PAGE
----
Sound and Balance

Sound and Balance Control. Multisensory perception dynamically and continuously influences human standing balance control behavior, but little is known about how sounds impact balance stability directly. My work shows that sound is incorporated into balance control mechanisms and that exposure to some types of sounds can improve stability in standing balance in healthy young adults and in aging adults with typical age-related balance instability. I show that music that is rhythmically predictable can entrain balance mechanisms, resulting in reductions in body sway variability related to standing stability. I also show that white noise, such as that which is currently being used in some types of hearing aids for improving speech signal clarity, can reduce body sway variability in young and aging adults, leading to less variability in standing stability. This work also contributes to understanding predictive and reactive balance movement control, and similar networks have been proposed for predictive balance control and musical rhythm perception.

  1. Ross, J.M., Will, O.J., McGann, Z., & Balasubramaniam, R. (2016). Auditory white noise reduces age-related fluctuations in balance. Neurosci. Lett. 630, 216-221.
  2. Ross, J.M., Warlaumont, A.S., Abney, D.H., Rigoli, L.M., & Balasubramaniam, R. (2015). Influence of musical groove on postural sway. J. Exp. Psychol.- Hum. Percept. Perform. 42(3), 308-19.
  3. Ross, J.M., & Balasubramaniam, R. (2015). Auditory white noise reduces postural fluctuations even in the absence of vision. Exp. Brain Res. 233(8), 2357-63.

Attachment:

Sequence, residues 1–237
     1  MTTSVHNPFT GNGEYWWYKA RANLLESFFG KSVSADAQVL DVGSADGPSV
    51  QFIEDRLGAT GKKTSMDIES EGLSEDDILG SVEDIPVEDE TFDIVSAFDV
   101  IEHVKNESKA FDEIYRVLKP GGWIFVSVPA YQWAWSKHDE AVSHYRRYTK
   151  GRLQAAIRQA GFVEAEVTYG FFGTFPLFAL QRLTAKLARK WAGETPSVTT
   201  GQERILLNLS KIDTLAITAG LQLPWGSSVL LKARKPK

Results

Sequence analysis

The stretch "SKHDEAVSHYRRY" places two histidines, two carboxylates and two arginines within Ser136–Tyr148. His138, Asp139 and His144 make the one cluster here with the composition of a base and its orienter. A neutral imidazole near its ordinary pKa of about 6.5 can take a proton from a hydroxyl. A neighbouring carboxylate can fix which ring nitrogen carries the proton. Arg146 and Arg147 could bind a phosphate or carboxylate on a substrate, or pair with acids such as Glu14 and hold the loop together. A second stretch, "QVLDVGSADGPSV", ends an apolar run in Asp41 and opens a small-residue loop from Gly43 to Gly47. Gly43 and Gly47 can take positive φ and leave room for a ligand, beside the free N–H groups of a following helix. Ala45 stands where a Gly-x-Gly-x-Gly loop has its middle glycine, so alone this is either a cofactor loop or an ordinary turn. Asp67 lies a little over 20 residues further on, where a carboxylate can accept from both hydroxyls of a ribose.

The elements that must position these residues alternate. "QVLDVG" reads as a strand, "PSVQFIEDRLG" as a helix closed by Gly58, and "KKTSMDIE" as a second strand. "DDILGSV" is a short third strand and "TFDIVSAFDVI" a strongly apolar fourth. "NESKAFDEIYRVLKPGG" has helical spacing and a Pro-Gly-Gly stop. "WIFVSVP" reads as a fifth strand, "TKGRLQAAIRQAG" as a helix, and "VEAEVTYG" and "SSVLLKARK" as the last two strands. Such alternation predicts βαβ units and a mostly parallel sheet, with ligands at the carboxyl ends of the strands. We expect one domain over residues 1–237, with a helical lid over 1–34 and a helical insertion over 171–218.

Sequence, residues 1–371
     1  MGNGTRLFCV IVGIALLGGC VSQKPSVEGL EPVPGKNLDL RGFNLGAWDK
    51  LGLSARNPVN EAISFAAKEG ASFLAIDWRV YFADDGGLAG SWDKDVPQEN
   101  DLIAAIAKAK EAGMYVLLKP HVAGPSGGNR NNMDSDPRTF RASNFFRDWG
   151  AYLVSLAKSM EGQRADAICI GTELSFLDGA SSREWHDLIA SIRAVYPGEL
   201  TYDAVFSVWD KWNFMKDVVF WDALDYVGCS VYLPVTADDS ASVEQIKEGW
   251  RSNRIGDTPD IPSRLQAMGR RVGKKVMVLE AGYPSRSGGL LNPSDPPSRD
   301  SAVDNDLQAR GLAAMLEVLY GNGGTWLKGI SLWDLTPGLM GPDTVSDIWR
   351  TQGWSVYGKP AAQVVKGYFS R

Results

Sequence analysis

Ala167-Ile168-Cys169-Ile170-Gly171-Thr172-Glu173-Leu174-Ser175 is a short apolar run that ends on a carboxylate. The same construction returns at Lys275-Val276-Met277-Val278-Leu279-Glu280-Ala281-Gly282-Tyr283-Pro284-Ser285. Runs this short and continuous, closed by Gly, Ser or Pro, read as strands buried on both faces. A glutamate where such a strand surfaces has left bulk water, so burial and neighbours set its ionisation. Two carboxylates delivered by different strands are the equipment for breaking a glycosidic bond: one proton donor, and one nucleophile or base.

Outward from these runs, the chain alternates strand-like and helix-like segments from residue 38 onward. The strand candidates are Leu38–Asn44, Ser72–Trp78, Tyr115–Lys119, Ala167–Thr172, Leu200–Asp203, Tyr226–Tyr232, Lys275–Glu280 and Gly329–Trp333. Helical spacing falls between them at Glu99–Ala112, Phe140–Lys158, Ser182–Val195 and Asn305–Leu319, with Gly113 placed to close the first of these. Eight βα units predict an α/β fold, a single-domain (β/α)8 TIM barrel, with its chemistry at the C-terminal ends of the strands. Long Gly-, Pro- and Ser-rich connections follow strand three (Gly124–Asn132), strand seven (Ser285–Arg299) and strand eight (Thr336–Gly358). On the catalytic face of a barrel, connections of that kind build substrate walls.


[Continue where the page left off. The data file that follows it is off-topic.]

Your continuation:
Figure 1. Multisensory perception dynamically and continuously influences human standing balance control behavior, but little is known about how sounds impact balance stability directly. My work shows that sound is incorporated into balance control mechanisms and that exposure to some types of sounds can improve stability in standing balance in healthy young adults and in aging adults with typical age-related balance instability. I show that music that is rhythmically predictable can entrain balance mechanisms, resulting in reductions in body sway variability related to standing stability. I also show that white noise, such as that which is currently being used in some types of hearing aids for improving speech signal clarity, can reduce body sway variability in young and aging adults, leading to less variability in standing stability. This work also contributes to understanding predictive and reactive balance movement control, and similar networks have been proposed for predictive balance control and musical rhythm perception. Ross & Balasubramaniam, 2015, Exp. Brain Res.; Ross et al., 2016, J. Exp. Psychol.- Hum. Percept. Perform.; Ross et al., 2016, Neurosci. Lett.